6 Things You Probably Never Realized Are IVF Shaming


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Going through IVF can be an extremely draining time, both emotionally and financially. For couples experiencing infertility struggles, IVF is often the final chance they have to conceive a child that shares their genes. With stress at an all-time high, the last thing a couple needs is friends and family making them feel shame over their decision to undergo a cycle. But sometimes even things said with the best intentions can make us feel awful about our choice. Here are some common things friends and family say and do that you might not realize are actually IVF shaming.

  • 1. Saying, "It will happen if you just relax."

    Infertility is a documented medical condition, not a psychological one. Telling us the reason we're not pregnant is because we're not relaxed enough is like calling us liars, when we likely have years worth of test results (not to mention needle welts) to prove otherwise. Unless you have one of those fancy medical diplomas on your wall, skip the opinions and offer us cupcakes instead -- that always helps.

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  • 2. Asking, "Why don't you just adopt?"

    It's true that IVF can cost around the same as an adoption. But like IVF, even with adoption there are no guarantees that you'll end up with a baby at the end of the process. And couples without fertility issues aren't pressured to "just adopt." Why should we be made to feel guilty for wanting a genetic connection to our child?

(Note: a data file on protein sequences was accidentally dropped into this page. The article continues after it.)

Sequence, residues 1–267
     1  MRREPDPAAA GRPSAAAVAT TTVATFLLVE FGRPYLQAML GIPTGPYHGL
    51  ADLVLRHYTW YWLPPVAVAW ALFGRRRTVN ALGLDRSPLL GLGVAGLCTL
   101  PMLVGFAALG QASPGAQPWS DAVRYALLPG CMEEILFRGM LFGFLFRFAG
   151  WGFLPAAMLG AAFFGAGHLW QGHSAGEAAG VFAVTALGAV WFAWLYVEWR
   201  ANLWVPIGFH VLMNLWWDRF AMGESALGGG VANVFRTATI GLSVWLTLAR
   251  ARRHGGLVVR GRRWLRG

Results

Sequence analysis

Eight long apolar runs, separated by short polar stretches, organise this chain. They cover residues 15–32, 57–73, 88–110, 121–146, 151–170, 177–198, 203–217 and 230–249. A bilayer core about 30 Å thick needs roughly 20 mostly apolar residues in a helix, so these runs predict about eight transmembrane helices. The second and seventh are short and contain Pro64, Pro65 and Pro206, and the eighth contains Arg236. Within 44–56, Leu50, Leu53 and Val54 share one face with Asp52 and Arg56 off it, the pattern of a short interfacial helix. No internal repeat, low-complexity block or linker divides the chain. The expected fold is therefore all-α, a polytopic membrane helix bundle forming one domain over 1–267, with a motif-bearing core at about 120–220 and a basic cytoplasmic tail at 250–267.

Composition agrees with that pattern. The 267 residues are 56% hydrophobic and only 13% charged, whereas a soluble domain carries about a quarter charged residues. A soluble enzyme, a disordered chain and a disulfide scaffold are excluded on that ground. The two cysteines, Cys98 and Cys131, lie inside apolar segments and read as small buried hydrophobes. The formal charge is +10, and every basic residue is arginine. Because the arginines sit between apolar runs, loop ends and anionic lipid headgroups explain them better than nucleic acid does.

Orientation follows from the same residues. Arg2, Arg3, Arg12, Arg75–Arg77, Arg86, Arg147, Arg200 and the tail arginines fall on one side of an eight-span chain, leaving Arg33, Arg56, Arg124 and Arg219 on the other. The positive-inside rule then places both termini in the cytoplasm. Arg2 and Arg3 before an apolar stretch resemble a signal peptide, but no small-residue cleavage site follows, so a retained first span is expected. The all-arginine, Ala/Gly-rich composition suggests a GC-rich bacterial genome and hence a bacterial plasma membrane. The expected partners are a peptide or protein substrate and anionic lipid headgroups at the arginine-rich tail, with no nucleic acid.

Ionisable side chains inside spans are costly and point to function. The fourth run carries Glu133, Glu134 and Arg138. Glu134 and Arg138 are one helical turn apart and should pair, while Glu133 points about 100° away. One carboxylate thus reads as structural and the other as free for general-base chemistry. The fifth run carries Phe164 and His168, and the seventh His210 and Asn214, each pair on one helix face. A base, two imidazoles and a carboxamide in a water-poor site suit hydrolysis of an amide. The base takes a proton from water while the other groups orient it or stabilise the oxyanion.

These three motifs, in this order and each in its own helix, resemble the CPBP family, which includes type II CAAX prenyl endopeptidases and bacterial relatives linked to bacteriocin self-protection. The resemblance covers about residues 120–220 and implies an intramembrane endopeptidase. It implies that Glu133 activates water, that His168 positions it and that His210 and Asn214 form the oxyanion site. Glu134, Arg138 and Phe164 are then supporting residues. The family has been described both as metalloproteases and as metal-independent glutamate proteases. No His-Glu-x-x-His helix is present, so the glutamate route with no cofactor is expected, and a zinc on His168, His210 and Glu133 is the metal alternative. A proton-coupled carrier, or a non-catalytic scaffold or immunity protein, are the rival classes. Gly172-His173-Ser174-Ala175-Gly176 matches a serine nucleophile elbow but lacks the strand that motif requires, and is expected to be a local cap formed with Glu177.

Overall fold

• 3. Getting annoyed at us when we can't make plans due to our medication schedule.

    6 o'clock means 6 o'clock. When you're paying thousands of dollars for something that you've been dreaming of for years, you're not willing to let 6:03 be "pretty much the same thing." And no, a cooler with an ice pack is not the same thing as a refrigerator.

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  • 4. Repeatedly mentioning how expensive IVF is.

    Yes, IVF costs thousands of dollars, most of which isn't covered by insurance. Many couples drain their savings, do a complicated credit card tango, or even borrow money from friends and family to cover the cost of treatment. But unless we're asking you to help foot the bill, how we spend our paychecks really isn't your business. If you aren't looking to make a donation to our medical fund, please leave the money advice to our financial planner.

  • 5. Inquiring, "Have you tried acupuncture / sex in a special position / sex at the full moon / vitamins / meditation / this magic potion / voodoo?"

    When a couple is dealing with infertility, they leave no stone unturned in their quest to get pregnant. Chances are whatever your grand plan is, we've already tried it with no success. Plus, when you suggest an alternative method besides IVF, you're not being supportive -- you're questioning my decision and low-key saying you know my own body better than I (or my doctors) do. Please don't be that person.

  • 6. Telling us the story of your cousin's sister's best friend's neighbor who got pregnant naturally after unsuccessful IVF.

    We know you're trying to be helpful. But hearing about other people beating the odds makes us feel like you're trying to tell us that we're wasting our time and money on IVF treatments. If you want to be a good friend, offer us an ice pack for our injection-sore butt, or better yet, tell us you'll be there for us no matter what.

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